DEP Panel Backs New Diesel Idling Rules: Patriot News

September 17th, 2008: The Patriot News

DEP Panel Backs New Diesel Idling Rules

by Elizabeth Gibson

Excerpt:

A landmark approval sets the stage for statewide limits on pollution caused by idling truck and bus engines.

Members of a state Department of Environmental Protection board backed a regulation proposed by the 3-year-old Clean Air Board of Central Pennsylvania.

Clean Air asked for limits on diesel-engine idling after Carlisle-area physicians spotlighted the region’s higher-than-average air pollution.

“We believe a sensible regulation limiting idling emissions from diesel vehicles will protect the health of all Pennsylvanians, particularly those who suffer from respiratory problems,” said Rev. Jennifer McKenna, Clean Air’s president.

The measure is expected to win approval from three other state entities, including the state attorney general’s office, which will review it over the next few months, said William Rathbun, DEP spokesman.

“There has not been any opposition,” he said, adding that truck and warehousing industry representatives voiced support for a uniform idling law.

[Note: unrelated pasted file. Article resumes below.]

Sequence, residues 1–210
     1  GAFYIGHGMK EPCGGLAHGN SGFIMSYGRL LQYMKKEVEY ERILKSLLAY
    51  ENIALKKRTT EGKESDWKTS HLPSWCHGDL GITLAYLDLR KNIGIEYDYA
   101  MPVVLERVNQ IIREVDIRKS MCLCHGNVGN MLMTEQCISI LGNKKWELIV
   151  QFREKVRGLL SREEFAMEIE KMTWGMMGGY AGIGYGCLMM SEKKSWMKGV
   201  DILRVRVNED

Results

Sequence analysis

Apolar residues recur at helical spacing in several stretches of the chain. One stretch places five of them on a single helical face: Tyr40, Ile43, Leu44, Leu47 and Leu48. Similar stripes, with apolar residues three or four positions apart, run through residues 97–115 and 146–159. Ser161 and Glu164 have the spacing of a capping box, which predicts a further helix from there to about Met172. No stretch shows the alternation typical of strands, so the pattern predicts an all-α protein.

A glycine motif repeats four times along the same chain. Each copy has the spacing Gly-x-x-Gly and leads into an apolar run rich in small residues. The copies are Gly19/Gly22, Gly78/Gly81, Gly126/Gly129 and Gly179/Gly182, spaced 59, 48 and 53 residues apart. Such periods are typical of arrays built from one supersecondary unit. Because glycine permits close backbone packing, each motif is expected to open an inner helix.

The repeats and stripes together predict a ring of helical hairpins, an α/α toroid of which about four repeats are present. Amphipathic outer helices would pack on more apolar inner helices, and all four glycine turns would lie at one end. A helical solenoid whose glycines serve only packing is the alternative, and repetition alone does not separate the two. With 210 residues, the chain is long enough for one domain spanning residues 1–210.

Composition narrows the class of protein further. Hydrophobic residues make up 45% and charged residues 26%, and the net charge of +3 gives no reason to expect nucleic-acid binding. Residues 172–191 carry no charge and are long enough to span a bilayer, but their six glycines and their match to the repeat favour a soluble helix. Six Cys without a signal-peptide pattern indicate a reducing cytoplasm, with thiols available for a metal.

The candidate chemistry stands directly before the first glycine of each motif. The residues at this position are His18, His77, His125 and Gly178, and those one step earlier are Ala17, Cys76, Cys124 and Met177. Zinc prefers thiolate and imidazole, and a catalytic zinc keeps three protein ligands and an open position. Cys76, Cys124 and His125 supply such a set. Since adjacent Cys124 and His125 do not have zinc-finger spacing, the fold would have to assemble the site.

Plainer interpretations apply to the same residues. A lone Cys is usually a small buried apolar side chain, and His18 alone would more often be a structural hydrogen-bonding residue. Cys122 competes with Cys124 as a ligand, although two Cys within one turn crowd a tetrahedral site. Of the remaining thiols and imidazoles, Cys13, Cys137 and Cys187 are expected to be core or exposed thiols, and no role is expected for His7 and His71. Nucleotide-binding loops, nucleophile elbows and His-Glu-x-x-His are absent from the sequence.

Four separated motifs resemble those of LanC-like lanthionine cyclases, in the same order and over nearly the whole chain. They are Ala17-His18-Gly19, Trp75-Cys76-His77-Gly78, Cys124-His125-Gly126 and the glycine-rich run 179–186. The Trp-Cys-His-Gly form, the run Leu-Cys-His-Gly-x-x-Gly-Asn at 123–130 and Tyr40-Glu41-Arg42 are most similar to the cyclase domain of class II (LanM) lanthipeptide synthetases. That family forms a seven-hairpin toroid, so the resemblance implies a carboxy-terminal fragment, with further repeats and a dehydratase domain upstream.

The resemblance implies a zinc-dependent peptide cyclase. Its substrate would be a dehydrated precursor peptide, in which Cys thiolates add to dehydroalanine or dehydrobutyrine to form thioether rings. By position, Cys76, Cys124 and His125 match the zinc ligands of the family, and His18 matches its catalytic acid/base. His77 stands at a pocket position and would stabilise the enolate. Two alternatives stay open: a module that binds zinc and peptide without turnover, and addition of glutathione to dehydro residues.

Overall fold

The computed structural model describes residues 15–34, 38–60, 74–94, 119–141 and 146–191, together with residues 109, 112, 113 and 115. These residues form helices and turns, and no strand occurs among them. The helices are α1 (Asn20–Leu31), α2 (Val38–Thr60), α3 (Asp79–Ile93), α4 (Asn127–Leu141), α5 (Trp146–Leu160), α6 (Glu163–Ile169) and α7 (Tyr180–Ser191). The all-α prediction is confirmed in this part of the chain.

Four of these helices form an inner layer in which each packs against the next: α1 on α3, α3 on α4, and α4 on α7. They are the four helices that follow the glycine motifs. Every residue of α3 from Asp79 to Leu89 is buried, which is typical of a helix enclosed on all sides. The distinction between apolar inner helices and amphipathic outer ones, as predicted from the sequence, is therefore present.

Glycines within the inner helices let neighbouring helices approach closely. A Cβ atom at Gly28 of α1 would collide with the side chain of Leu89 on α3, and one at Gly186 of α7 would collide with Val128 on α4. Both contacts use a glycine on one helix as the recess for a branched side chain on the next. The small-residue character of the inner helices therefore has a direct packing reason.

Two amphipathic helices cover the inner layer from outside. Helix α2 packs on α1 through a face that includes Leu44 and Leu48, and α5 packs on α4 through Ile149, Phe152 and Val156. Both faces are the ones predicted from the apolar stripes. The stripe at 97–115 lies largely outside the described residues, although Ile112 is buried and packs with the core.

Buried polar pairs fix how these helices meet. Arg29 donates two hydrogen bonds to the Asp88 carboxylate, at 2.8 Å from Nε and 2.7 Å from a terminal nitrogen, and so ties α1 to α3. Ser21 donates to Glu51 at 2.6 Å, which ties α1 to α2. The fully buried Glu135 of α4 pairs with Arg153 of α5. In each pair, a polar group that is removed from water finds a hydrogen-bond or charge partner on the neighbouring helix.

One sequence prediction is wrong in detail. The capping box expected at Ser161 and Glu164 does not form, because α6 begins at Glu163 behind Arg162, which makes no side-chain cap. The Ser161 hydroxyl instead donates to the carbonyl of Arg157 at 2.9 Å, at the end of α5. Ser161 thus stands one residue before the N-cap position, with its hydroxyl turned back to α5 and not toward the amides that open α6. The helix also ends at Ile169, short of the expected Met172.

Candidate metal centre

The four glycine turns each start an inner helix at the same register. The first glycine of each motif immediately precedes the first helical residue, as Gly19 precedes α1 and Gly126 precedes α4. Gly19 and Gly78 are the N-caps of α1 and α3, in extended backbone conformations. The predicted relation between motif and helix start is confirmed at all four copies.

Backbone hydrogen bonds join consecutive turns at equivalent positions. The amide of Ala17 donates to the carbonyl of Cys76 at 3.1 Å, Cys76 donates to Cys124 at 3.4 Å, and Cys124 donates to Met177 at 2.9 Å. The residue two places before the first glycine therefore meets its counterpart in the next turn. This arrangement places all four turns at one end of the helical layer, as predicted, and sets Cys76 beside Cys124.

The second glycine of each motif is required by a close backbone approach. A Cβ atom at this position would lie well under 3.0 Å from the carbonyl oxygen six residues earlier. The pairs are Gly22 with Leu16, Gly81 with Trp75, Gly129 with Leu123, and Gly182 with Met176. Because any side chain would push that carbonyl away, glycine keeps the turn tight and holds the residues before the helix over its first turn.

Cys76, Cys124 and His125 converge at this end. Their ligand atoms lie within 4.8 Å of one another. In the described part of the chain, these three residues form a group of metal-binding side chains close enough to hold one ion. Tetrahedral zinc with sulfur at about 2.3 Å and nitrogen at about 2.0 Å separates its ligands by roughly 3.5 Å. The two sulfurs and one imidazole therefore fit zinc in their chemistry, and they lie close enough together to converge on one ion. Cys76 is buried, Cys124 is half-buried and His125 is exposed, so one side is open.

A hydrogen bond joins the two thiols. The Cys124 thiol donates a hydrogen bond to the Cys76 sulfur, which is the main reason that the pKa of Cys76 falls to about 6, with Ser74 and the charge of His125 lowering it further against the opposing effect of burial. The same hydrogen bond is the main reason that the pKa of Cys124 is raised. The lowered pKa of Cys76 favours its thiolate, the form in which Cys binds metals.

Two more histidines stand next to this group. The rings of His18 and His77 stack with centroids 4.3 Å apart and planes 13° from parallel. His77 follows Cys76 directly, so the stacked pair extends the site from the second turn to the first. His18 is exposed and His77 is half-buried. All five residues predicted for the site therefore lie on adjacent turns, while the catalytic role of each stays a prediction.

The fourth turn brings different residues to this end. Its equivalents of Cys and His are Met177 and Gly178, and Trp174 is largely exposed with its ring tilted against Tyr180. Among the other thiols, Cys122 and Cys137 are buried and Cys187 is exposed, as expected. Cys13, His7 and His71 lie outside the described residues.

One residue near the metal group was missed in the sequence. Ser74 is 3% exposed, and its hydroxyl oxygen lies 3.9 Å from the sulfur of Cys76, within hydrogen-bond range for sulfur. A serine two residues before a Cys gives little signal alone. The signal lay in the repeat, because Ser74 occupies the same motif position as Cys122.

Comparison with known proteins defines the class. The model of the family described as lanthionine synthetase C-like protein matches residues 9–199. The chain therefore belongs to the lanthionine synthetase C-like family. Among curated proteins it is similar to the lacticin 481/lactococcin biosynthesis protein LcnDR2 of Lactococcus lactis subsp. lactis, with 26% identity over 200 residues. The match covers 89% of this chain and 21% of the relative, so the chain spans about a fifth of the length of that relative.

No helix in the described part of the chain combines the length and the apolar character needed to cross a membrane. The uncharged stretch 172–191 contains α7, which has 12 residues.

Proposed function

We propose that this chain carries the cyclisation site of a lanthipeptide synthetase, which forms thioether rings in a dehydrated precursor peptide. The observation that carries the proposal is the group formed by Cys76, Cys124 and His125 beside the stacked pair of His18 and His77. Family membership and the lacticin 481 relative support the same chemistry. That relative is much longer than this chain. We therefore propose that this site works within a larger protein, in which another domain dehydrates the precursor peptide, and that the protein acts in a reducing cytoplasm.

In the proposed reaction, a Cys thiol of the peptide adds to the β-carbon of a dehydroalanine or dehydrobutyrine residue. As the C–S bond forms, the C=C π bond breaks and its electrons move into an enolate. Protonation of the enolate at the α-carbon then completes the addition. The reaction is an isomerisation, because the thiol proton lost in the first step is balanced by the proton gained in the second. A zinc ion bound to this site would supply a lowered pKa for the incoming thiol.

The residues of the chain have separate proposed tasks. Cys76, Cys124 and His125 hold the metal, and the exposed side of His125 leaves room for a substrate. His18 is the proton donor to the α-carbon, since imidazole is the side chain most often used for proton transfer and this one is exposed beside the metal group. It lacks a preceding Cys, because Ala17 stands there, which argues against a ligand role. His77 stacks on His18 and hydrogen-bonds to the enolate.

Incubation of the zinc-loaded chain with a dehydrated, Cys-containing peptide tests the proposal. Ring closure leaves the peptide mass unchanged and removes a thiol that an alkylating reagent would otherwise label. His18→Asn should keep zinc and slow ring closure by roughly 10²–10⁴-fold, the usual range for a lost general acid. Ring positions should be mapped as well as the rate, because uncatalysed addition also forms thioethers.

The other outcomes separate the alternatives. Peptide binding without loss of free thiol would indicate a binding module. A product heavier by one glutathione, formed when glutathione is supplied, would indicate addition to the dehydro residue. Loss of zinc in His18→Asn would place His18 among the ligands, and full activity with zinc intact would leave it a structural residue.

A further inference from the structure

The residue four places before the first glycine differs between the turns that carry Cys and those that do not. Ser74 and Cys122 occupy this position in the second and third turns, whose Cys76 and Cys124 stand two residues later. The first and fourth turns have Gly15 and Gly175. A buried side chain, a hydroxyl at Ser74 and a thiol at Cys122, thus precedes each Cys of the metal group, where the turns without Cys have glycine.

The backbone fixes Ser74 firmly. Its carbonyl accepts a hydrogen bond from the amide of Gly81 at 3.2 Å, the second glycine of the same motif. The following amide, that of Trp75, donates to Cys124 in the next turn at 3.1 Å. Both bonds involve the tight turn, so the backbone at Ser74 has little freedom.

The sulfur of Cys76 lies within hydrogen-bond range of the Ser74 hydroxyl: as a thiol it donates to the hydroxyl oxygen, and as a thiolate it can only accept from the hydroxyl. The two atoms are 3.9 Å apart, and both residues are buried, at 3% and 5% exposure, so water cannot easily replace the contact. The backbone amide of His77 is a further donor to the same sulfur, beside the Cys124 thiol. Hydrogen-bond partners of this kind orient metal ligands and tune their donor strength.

Rathbun said just one member of the 20-member Environmental Quality Board voted against idling limits, citing a clause that retains the right of towns with existing idling laws to increase the amount of time buses may idle in certain cases.

McKenna said idling limits are particularly needed in Cumberland County, which DEP studies found had the greatest amount of long-duration idling.

The midstate thrives on the economic benefits of being a transportation hub, she said.

“[But] every truck that idles over a long period of time at rest stops and truck facilities emits pounds of ground-level pollutants and contributes to poor air quality,” McKenna said.

ELIZABETH GIBSON: 249-2006 or egibson@patriot-news.com

PROPOSED RULES

Truck engines would idle no more than five minutes in an hour. Exceptions: Idling may exceed limits in some cases, including while repairs are being done, when a truck is stuck in traffic and when a truck engine meets new reduced- pollution emissions standards; also, trucks with equipment that reduces main engine idling, using electricity to power heat or air conditioning. Bus engines, including school buses, would idle no more than 15 minutes in an hour. Exceptions: Idling could exceed limits to maintain the health of special-needs students. Also, longer idling would be permitted to warm or cool buses for passengers but only when the bus is stored outside and outdoor temperatures are below 40 degrees or above 75 degrees — and only until May 1, 2010, when the exemption expires. The new law would not apply to motor homes and farm equipment….

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